I realized that the people running the main (English speaking) organization of TVP were very incompetent and were contradicting what Jacque used to talk about. They were just “normal” people with “normal” lives and “normal” values, emotions and ways of communicating. I realized that the whole organization was a strict hierarchy, with Roxanne at the top, and barely anything could be done without her permission. I realized that TVP was stagnating because of all of this. Jacque used to tell people to always question everything and everyone, to take in new information and keep yourself updated, to let experts in their field make decisions, to arrive at decisions through research, and so on, but it seemed to me that no one dared to question Roxanne or any idea behind TVP, and that Roxanne’s word was the final word, whether she was an expert on the subject or not, and other people’s advice and opinions weren’t really considered.

Then I found stories and resignation letters from other ex-TVP volunteers, which were all similar to my experience:

Lucy

Tio

Steven

Aurovana

Ritta

Roberto

Response

So eventually I just stopped trying.

I finished the OP and became an “official” “Point of Contact” at the end of 2017. I stayed in the PoC chat because I still valued Fresco’s work, but I gave up on trying to fix these ongoing problems between TVP and the Russian-speaking team. The Russian-speaking team made some changes that Roxanne asked for but they were also fed up with TVP’s inability to communicate and collaborate with them, so they also took a step back from these endless discussions. I felt like the Russian-speaking team was much better at communicating and collaborating among themselves and with others, they functioned more how I would have expected the main TVP organization to function, except that they were restricted by the dozens of rules that TVP imposed on them. I stayed in their chat as well but didn’t participate much.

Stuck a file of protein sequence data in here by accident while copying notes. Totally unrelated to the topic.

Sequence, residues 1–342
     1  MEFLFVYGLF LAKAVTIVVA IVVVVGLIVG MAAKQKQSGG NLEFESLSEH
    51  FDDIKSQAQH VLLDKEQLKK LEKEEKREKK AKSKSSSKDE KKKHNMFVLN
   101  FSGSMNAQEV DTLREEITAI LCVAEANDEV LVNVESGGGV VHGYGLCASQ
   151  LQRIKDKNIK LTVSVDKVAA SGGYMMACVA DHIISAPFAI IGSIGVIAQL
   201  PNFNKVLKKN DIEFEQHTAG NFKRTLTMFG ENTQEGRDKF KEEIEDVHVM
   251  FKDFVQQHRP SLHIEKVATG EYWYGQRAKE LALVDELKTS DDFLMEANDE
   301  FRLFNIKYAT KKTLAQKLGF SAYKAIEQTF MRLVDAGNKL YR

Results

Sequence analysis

At the end of 2017, I decided to start my own blog and I also found out about the TROM project, which I was extremely impressed by. It was similar to TVP but much more detailed, with a 13-hour long documentary, dozens of free e-books and a bunch of other great tools. Then I realized that the person who made TROM had also worked with TVP and went through a similar experience to mine, but even more intense. I contacted this guy, showed him my new blog, and offered to help with TROM.

I spent the next year and a half learning more and more about TVP and TROM, writing blogs and hosting meet-ups on the TROM documentary and some Fresco lectures, both online and offline in Siberia. I called my TROM and TVP- based English Club “Better than your Average Conversation in Irkutsk” :D because it was :).

The Plan

I didn’t give up on the idea of an RBE after learning about how TVP was run, but I did understand that it was extremely unlikely that this organization would be able to do anything to substantially impact society. Aside from having a rigid hierarchical structure centered on Roxanne (who I do not see as a competent leader) and being unable to communicate and collaborate, they also have a poorly detailed and, in my opinion, unrealistic plan for working towards a resource-based economy.